Robots have been to Mars, the moon and the ocean floor, but until last month they’d never visited Pittsburgh’s sewer pipes.
That changed on June 22nd, when a squat inspector called The Solo began its subterranean journey under the city’s Beechview and Brookline neighborhoods. The Solo, which looks like it could be R2-D2’s accessory dog, is an invention of RedZone Robotics, and while its journey may only represent one small step for robots, it’s one giant leap for the field of unmanned pipe condition assessment.
The Solo came to Pittsburgh courtesy of a partnership between the Pittsburgh Water and Sewer Authority (PWSA) and RedZone, which is based in the city. As an agency release explained, PWSA has to inspect its sewers per an agreement with the Pennsylvania Department of Environmental Protection. Previously, PWSA has met its end of the agreement with a cabled truck and operator. The cable attaches to a camera, which allows crews to inspect pipes for fissures and leaks.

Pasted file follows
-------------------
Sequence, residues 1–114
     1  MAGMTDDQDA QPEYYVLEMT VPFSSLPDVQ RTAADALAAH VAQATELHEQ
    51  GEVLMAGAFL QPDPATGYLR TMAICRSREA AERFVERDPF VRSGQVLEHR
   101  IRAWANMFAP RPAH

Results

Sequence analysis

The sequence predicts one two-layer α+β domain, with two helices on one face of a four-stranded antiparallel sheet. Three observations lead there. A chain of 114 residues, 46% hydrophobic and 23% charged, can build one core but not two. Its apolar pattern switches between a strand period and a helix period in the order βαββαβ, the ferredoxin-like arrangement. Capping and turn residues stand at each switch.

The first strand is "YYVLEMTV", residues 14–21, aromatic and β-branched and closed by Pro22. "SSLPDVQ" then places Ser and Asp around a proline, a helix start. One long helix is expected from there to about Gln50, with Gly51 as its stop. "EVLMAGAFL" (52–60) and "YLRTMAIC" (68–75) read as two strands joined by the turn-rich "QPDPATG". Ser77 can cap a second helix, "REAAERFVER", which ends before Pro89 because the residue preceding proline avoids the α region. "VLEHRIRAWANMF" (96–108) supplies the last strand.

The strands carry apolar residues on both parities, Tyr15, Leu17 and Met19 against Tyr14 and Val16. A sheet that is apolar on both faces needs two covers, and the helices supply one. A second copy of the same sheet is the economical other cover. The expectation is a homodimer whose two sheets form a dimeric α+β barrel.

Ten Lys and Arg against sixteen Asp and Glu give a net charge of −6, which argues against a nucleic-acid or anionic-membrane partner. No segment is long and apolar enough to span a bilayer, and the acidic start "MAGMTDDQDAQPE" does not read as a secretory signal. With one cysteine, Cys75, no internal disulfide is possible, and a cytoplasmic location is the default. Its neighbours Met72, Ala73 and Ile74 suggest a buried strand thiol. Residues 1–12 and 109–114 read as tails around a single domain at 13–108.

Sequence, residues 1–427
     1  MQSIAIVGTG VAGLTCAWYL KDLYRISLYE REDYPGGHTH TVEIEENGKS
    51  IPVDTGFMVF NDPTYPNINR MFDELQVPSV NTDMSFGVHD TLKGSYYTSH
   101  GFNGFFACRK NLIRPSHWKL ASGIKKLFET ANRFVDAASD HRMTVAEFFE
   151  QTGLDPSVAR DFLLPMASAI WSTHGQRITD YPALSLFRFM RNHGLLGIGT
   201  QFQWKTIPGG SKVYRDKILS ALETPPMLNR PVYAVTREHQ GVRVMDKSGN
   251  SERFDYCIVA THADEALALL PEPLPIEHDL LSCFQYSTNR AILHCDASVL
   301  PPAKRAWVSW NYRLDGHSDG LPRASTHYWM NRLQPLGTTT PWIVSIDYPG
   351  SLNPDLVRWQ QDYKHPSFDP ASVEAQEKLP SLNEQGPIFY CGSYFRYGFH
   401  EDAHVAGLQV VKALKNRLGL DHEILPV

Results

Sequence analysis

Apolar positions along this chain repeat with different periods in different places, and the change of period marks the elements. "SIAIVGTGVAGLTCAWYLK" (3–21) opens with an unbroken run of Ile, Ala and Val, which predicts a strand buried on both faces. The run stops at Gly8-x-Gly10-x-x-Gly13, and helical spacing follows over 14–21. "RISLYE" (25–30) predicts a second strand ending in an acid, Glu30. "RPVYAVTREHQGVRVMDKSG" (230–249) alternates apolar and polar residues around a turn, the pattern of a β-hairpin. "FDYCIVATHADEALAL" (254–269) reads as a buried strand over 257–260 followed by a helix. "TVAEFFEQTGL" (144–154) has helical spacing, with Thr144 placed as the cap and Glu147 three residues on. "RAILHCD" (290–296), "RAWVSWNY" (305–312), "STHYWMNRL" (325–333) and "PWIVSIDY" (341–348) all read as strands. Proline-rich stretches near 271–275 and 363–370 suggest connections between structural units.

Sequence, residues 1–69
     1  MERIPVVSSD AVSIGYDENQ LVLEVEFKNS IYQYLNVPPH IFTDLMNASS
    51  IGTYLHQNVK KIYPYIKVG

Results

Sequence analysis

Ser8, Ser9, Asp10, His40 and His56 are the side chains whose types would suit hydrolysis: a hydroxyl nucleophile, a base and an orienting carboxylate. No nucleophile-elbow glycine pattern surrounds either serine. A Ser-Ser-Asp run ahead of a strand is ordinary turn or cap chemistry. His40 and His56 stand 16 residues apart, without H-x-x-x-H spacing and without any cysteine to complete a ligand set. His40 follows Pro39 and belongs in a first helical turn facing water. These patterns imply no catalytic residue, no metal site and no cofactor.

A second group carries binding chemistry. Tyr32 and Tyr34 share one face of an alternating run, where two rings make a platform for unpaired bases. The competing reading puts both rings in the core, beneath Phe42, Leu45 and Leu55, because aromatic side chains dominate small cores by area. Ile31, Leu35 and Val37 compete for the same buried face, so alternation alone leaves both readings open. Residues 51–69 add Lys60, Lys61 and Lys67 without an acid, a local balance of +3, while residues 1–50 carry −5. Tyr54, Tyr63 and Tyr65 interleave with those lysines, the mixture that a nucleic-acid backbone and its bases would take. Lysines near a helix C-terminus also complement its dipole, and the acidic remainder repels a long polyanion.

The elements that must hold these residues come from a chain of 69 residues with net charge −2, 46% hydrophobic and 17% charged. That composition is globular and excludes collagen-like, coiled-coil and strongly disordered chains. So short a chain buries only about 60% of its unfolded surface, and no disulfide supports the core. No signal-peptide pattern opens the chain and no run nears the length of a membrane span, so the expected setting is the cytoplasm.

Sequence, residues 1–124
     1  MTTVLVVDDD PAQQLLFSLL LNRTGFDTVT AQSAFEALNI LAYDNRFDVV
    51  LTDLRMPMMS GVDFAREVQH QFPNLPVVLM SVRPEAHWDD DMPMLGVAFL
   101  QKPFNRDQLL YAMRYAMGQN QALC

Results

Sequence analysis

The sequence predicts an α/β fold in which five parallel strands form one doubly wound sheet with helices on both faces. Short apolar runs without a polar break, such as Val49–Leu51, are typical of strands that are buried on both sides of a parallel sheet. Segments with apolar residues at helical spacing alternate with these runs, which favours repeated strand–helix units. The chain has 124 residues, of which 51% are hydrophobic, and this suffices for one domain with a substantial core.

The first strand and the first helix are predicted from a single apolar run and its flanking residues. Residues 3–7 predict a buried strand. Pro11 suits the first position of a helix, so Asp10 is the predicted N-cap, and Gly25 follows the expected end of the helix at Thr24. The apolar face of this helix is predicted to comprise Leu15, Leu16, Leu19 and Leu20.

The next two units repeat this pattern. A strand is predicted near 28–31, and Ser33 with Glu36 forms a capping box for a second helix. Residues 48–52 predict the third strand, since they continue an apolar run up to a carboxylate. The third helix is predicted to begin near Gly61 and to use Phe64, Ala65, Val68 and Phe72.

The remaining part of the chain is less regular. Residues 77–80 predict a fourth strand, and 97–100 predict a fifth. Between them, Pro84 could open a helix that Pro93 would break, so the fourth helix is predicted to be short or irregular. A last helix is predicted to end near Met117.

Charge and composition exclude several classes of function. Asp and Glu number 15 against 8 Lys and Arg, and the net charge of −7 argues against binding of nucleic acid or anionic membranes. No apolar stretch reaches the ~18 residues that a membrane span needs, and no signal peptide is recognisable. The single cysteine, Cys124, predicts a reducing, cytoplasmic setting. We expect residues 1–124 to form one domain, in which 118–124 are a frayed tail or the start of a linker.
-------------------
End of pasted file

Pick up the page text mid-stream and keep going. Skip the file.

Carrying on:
“The PWSA was averaging approximately 80,000 linear feet in four months using traditional televising methods,” the release states. “RedZone will complete the same amount of work in 6-8 weeks.”
According to Brendan Schubert, the agency’s manager of external affairs, the robot is also cheaper than traditional methods, costing about $1.50 per linear foot. That’s because The Solo is autonomous.